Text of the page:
Congenital malformations are a rare complication associated with maternal dengue infections, with a prevalence of <1% across all trimesters.17  Two studies describe a possible relationship between maternal DENV in early pregnancy and congenital neurologic malformations,25,26  but confounding factors, including maternal fever in early pregnancy, had not been considered.27 

Laboratory-confirmed vertical transmission of DENV has been well documented, with a predominance of cases in the peripartum period. A vertical transmission rate between 18.5% and 22.7% was reported in a population of 54 DENV-infected pregnant women in French Guiana, which increased to 56.2% when the infection occurred close to delivery.21  A systematic review also supported these findings and demonstrated an average time of 7 days between maternal and neonatal fever, which may be insufficient time to confer maternal immunity via transplacental antibody transfer to the fetus.28 

Many cases of vertical transmission have been reported since the first in 199329  and have provided further clarity on the natural history of neonatal infection. Symptoms develop in the first week of life, with the most common presentation being fever and thrombocytopenia.28  Other frequently reported clinical features include irritability, lethargy, and hepatomegaly. The severity of disease ranges from asymptomatic to severe dengue with pleural effusions, intracranial hemorrhage and circulatory collapse.3032  Only 3 neonatal deaths have been reported.3032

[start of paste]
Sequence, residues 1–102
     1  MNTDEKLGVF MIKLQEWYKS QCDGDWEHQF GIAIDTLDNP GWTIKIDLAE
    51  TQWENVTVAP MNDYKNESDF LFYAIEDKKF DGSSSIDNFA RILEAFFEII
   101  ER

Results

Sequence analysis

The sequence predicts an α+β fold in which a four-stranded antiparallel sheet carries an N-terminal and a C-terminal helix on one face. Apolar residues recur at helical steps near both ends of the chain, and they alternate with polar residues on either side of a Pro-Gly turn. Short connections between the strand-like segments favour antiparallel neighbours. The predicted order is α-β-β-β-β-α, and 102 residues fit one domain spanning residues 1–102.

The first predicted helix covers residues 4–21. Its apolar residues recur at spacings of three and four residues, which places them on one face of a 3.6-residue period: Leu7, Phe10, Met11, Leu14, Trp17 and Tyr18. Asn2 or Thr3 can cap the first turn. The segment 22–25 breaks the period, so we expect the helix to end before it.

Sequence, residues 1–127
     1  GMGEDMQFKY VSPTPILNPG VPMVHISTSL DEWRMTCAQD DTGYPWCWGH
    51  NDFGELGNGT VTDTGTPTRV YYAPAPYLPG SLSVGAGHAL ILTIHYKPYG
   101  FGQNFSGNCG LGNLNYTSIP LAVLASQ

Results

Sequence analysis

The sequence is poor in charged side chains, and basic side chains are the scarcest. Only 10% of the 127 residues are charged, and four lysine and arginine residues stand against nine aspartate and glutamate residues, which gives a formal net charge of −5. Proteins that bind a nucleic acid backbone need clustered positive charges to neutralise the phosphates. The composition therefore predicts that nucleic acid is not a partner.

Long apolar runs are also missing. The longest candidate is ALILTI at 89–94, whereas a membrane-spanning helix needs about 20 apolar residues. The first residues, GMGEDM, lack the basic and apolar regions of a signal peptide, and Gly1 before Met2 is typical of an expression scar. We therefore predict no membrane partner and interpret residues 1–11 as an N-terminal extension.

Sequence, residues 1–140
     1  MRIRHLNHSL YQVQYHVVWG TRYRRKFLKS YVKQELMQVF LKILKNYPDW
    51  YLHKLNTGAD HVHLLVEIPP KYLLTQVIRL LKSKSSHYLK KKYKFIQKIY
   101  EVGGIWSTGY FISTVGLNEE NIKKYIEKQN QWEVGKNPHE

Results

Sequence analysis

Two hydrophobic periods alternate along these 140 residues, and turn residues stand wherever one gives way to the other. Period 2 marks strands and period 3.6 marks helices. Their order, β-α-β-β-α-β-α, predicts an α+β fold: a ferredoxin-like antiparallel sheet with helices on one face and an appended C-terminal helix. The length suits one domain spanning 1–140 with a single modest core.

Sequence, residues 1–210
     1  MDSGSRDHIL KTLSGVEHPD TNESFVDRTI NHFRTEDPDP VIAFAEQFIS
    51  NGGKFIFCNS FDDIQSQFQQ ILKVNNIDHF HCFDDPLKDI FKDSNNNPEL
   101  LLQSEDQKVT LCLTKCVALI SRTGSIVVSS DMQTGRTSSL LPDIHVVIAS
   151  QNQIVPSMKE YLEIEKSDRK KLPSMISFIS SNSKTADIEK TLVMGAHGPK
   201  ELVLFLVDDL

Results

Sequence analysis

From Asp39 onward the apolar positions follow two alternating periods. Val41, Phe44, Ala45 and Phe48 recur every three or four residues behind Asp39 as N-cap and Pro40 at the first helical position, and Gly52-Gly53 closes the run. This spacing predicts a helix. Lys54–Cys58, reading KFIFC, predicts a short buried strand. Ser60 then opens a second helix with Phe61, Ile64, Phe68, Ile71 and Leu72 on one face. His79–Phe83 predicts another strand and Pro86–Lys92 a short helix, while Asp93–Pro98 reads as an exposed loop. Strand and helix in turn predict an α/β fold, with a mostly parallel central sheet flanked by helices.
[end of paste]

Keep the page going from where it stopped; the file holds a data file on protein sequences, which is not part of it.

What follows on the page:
In the adult population, secondary dengue infection with a different serotype is the basis of severe dengue. Nonneutralizing antibodies from the initial infection theoretically aids uptake of the virus into target cells after subsequent exposure, leading to increased viral load and more severe disease.33  Infants display severe disease even in a primary infection, likely because of transplacentally acquired maternal antibodies.34,35  Maternally-acquired DENV-specific antibodies at birth provide protection to the neonate but, as they decline to lower levels, increase the risk of severe disease through an antibody-dependent enhancement similar to that seen in adult secondary infections.3335 

Detection of DENV RNA in breast milk has been reported, and breast milk transmission appears possible.36,37  An infant delivered 2 days after the onset of maternal symptoms developed a fever on day 4 of life.37  Breastfeeding had been ceased on the same day because of significant DENV-viral loads detected in a breast milk sample. The neonate’s cord blood sample and serum sample from day 2 were both DENV-negative but were DENV-positive on day 4. Acquisition through the placenta or delivery cannot be excluded, but readily detectable virus in breast milk is of concern and requires further evaluation.